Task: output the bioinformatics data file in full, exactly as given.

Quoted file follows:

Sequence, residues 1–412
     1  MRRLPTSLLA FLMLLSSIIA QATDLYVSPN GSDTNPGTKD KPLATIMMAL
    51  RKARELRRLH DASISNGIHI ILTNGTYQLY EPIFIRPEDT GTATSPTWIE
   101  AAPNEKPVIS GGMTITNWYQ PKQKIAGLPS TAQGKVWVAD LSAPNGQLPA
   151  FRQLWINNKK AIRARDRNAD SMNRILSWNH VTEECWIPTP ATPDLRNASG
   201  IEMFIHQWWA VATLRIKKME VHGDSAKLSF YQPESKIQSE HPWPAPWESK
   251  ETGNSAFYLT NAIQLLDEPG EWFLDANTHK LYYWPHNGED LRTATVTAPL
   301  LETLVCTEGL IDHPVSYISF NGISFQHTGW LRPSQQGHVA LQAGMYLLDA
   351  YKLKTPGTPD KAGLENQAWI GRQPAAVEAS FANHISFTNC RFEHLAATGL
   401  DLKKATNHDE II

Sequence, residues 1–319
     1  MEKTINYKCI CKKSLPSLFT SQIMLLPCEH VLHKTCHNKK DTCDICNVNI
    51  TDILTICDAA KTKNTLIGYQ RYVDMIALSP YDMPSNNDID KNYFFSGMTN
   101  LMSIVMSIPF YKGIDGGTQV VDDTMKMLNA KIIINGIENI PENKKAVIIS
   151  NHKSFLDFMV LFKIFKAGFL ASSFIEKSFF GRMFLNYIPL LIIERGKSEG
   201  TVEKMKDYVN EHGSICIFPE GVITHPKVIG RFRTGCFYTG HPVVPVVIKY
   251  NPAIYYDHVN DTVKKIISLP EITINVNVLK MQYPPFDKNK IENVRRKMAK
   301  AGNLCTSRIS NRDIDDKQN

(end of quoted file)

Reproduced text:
Sequence, residues 1–412
     1  MRRLPTSLLA FLMLLSSIIA QATDLYVSPN GSDTNPGTKD KPLATIMMAL
    51  RKARELRRLH DASISNGIHI ILTNGTYQLY EPIFIRPEDT GTATSPTWIE
   101  AAPNEKPVIS GGMTITNWYQ PKQKIAGLPS TAQGKVWVAD LSAPNGQLPA
   151  FRQLWINNKK AIRARDRNAD SMNRILSWNH VTEECWIPTP ATPDLRNASG
   201  IEMFIHQWWA VATLRIKKME VHGDSAKLSF YQPESKIQSE HPWPAPWESK
   251  ETGNSAFYLT NAIQLLDEPG EWFLDANTHK LYYWPHNGED LRTATVTAPL
   301  LETLVCTEGL IDHPVSYISF NGISFQHTGW LRPSQQGHVA LQAGMYLLDA
   351  YKLKTPGTPD KAGLENQAWI GRQPAAVEAS FANHISFTNC RFEHLAATGL
   401  DLKKATNHDE II

Sequence, residues 1–319
     1  MEKTINYKCI CKKSLPSLFT SQIMLLPCEH VLHKTCHNKK DTCDICNVNI
    51  TDILTICDAA KTKNTLIGYQ RYVDMIALSP YDMPSNNDID KNYFFSGMTN
   101  LMSIVMSIPF YKGIDGGTQV VDDTMKMLNA KIIINGIENI PENKKAVIIS
   151  NHKSFLDFMV LFKIFKAGFL ASSFIEKSFF GRMFLNYIPL LIIERGKSEG
   201  TVEKMKDYVN EHGSICIFPE GVITHPKVIG RFRTGCFYTG HPVVPVVIKY
   251  NPAIYYDHVN DTVKKIISLP EITINVNVLK MQYPPFDKNK IENVRRKMAK
   301  AGNLCTSRIS NRDIDDKQN